- Taking Series Books Seriously
William Taylor Adams and Edward Stratemeyer both played pivotal roles in the history of American series books for children. Writing under the pseudonym of Oliver Optic, Adams wrote over 150 adventure books for boys between 1854, the year he published the first volume of his Boat Club series, and 1897, the year of his death. Stratemeyer's career as a series book author began around the same time that Adams's ended. In fact, one of Stratemeyer's first assignments was to complete a book that Adams had been working on shortly before he died. Like his predecessor, Stratemeyer wrote over 150 series books, most of which were published under pen names. He also oversaw the writing of hundreds of other titles and was responsible for such popular series as the Rover Boys, Tom Swift, the Bobbsey Twins, the Hardy Boys, and Nancy Drew. Thus, though it is simply a coincidence that An "Oliver Optic" Checklist and The Secret of the Stratemeyer Syndicate came out within a year of each other, they make a natural pair.
As its title indicates, Dolores Blythe Jones's An "Oliver Optic" Checklist is bibliographic in nature. Jones does, however, provide an introduction in which she briefly summarizes Adams's career and discusses how his books fared both commercially and critically. She points out that while his books were very popular among children, some book reviewers, librarians, and parents condemned them as being too "sensational." The introduction contains some interesting tidbits, but readers who are unfamiliar with Adams's books would probably find it disappointing. Jones writes little about the types of characters and plot formulas that Adams used, nor does she attempt to explain his popularity or evaluate his skill as a writer. Readers seeking such information should consult other sources, such as American Writers for Children Before 1900 (Dictionary of Literary Biography, Vol. 42), which contains an excellent essay on Adams by Carol Gay.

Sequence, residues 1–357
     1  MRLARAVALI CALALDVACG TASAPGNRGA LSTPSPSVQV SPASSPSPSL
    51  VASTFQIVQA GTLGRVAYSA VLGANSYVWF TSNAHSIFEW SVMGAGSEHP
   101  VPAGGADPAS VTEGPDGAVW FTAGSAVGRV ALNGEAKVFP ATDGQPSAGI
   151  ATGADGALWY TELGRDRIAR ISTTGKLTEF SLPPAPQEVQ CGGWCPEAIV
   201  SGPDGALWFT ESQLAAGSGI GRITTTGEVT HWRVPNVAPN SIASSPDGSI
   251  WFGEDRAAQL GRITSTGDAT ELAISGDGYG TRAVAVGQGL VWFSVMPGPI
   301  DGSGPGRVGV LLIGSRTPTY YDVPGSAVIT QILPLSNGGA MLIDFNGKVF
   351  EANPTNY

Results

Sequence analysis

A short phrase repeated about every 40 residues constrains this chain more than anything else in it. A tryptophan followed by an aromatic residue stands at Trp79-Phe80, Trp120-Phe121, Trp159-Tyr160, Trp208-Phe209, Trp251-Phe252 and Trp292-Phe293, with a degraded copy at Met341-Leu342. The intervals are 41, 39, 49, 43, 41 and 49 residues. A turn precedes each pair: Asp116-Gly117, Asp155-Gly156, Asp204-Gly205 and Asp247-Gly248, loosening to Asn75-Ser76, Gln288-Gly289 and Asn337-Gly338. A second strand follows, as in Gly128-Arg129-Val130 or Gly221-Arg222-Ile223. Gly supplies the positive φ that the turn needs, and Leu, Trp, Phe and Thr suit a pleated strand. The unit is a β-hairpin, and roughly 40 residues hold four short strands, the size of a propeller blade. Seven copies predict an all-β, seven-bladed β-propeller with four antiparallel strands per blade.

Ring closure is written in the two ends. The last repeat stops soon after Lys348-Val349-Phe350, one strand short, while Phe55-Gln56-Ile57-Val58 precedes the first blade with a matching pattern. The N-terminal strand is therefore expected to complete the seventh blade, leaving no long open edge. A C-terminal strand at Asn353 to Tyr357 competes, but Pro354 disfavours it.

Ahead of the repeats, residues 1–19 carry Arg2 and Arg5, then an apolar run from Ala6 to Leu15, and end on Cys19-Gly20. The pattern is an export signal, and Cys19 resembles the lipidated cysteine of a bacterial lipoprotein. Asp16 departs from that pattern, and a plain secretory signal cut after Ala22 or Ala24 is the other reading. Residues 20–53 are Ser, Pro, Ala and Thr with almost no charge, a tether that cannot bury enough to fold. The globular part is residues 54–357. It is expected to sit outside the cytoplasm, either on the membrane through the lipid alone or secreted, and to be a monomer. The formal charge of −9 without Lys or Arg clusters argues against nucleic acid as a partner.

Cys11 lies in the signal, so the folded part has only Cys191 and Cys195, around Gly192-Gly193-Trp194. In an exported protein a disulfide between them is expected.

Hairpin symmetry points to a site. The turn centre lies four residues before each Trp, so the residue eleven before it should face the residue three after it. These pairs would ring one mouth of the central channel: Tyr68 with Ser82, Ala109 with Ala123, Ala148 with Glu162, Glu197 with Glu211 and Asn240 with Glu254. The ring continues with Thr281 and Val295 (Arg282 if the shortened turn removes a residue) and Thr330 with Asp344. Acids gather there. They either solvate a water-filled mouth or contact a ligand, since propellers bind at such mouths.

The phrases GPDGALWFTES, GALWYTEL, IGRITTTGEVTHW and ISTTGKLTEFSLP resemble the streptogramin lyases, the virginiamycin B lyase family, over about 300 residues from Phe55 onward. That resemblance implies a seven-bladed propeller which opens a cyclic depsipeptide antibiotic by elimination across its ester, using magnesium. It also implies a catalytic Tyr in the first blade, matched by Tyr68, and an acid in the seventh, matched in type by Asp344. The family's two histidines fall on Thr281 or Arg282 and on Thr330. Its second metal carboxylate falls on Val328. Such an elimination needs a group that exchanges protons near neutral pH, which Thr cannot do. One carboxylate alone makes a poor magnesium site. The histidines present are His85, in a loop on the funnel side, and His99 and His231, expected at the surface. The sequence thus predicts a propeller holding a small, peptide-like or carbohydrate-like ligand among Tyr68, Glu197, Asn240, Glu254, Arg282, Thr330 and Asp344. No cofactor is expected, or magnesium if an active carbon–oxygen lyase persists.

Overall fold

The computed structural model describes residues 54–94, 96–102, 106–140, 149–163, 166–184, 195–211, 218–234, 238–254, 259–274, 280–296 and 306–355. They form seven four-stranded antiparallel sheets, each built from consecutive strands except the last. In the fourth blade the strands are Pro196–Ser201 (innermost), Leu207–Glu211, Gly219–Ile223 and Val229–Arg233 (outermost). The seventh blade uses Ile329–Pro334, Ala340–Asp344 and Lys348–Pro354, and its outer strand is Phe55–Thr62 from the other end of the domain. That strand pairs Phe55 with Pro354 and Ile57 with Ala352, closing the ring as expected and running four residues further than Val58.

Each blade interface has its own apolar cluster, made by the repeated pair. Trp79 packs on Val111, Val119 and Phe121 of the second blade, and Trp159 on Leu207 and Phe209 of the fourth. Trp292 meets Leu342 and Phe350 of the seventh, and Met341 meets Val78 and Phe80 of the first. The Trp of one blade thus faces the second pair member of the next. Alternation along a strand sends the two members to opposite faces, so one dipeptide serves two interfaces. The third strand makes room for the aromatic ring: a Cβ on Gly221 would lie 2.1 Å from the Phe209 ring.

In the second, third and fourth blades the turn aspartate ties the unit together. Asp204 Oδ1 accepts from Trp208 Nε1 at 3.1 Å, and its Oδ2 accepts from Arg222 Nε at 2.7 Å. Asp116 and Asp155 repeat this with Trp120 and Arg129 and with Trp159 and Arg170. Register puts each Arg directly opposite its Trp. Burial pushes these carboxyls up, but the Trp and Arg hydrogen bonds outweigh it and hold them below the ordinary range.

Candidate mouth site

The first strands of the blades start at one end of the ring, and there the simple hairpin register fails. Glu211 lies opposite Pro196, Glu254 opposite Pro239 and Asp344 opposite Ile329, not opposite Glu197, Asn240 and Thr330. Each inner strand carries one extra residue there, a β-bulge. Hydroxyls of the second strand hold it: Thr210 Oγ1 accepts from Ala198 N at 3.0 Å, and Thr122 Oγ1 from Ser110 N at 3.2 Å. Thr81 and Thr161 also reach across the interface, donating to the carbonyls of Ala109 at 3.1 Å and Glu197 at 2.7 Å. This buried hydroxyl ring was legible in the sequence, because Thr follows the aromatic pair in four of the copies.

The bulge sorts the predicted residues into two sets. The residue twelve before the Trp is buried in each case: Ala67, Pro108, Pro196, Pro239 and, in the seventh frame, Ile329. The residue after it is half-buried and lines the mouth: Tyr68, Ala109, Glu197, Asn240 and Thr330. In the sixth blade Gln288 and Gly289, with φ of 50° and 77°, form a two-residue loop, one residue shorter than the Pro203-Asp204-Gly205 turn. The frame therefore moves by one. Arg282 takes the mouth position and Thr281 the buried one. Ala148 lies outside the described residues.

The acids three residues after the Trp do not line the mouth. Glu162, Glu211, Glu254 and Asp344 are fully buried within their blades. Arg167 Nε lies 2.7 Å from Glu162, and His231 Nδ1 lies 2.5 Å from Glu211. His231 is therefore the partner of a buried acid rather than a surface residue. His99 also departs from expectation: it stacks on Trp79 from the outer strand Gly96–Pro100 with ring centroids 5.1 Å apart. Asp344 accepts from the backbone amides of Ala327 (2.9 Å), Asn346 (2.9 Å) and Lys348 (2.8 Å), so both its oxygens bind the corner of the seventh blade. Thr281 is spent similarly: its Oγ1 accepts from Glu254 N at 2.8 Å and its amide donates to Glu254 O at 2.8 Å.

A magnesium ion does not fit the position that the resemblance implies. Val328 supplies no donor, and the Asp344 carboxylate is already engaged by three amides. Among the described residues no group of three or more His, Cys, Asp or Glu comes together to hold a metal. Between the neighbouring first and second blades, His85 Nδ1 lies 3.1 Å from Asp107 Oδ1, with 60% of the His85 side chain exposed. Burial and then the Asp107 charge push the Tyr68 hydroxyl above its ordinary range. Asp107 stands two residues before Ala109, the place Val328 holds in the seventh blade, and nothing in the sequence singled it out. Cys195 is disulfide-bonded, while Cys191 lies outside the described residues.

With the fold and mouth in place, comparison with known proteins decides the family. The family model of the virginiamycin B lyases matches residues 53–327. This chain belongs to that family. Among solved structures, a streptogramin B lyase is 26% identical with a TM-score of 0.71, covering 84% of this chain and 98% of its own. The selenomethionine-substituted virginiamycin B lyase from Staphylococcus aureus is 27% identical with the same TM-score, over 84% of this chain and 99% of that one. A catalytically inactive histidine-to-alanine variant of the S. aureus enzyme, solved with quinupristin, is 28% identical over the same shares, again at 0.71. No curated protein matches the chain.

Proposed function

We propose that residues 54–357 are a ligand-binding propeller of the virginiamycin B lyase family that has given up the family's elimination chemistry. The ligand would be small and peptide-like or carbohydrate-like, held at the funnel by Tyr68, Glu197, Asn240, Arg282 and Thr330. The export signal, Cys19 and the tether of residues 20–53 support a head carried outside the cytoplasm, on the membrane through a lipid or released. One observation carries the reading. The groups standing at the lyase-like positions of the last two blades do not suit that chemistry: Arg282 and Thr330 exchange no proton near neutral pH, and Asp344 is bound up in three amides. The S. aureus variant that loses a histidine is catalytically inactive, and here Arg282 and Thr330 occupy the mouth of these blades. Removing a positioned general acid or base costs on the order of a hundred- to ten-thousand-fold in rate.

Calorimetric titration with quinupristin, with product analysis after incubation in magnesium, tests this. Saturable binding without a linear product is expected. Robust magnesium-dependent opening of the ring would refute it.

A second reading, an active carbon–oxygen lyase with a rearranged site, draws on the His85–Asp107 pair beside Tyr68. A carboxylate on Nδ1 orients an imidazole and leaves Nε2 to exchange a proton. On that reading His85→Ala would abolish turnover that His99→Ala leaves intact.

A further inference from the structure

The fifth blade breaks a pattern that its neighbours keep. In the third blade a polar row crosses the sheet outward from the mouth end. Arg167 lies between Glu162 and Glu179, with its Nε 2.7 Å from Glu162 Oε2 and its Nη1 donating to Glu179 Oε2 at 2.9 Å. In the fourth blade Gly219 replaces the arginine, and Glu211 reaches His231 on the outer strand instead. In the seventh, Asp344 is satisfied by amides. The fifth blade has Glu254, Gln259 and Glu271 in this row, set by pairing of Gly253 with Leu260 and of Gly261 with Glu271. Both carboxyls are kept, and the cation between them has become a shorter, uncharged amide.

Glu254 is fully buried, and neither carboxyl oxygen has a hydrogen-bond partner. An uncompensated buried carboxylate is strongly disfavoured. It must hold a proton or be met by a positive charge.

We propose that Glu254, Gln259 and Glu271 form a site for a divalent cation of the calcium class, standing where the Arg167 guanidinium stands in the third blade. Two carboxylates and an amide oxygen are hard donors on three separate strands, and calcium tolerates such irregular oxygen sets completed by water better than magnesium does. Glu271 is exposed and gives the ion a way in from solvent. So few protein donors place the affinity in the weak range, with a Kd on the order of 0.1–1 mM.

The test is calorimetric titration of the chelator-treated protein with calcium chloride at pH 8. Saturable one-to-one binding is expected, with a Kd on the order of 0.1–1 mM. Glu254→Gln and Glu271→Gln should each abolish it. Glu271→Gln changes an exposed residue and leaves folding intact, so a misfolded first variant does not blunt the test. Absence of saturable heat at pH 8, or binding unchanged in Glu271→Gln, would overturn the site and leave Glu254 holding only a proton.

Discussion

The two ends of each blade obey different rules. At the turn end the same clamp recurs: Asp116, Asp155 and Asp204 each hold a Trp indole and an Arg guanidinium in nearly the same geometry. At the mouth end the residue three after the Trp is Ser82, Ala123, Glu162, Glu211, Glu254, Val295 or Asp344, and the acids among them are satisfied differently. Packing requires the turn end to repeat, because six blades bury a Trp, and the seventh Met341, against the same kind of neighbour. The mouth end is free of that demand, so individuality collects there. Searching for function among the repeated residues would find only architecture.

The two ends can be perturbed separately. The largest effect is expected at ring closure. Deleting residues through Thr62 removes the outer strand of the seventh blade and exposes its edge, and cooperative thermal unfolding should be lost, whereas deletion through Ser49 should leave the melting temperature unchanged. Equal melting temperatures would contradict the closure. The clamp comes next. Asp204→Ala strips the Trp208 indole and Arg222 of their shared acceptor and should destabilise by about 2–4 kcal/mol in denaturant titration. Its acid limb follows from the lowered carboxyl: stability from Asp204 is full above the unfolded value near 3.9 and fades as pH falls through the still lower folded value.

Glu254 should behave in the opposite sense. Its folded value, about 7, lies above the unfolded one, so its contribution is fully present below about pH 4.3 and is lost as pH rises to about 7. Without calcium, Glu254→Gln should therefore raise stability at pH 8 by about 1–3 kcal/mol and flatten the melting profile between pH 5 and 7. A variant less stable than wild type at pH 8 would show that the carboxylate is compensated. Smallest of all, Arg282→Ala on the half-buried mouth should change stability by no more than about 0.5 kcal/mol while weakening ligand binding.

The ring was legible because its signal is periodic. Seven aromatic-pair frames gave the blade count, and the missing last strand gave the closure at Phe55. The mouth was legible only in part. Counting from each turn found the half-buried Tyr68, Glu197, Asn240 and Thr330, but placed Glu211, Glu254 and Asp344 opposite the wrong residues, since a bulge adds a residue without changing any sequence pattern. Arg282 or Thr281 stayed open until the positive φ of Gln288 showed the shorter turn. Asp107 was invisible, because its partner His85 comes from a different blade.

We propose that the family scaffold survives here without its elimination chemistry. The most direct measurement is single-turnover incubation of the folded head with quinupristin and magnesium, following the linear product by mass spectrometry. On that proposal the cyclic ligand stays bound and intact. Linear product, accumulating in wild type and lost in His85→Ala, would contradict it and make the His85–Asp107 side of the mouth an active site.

With the exception of the introduction, the book is an impressive example of bibliographic research. Jones amasses a tremendous amount of information about Adams's publications, and she organizes her material in such a way that researchers can quickly look up the publication history of practically every book, story, and article that Adams ever wrote. Jones divides the book into several sections, the first of which consists of a chronological listing of Adams's works. In addition to providing publication information, this section includes descriptive passages from many of Adams's prefaces to his books as well as excerpts from some of the reviews that his books received. Also, for each title, Jones lists a number of libraries where the book can be found. The next two sections focus on Adams's various series instead of on individual titles. In the fourth section, the books are organized by publisher, while the fifth section is devoted to the stories that Adams first published in serial form. The four appendices consist of the addresses of the libraries that have large collections of Adams's books, a chronology of Adams's career, a list of his nonseries books, and a secondary bibliography.
This book contains a wealth of accurate information, but I cannot help but wonder who really wants to know the publication history of each of Adams's many books. According to Jones, "Students and specialists of children's literature, American literature, popular culture, and American studies, as well as librarians, teachers, book collectors, and booksellers will find this book very helpful." This claim sounds a bit grandiose to me. Scholars interested in children's popular culture might occasionally have a reason to consult the book, but for the most part it serves the needs of collectors. In this regard, Jones's book is similar to a number of other books dealing with children's popular culture. Usually, particular forms...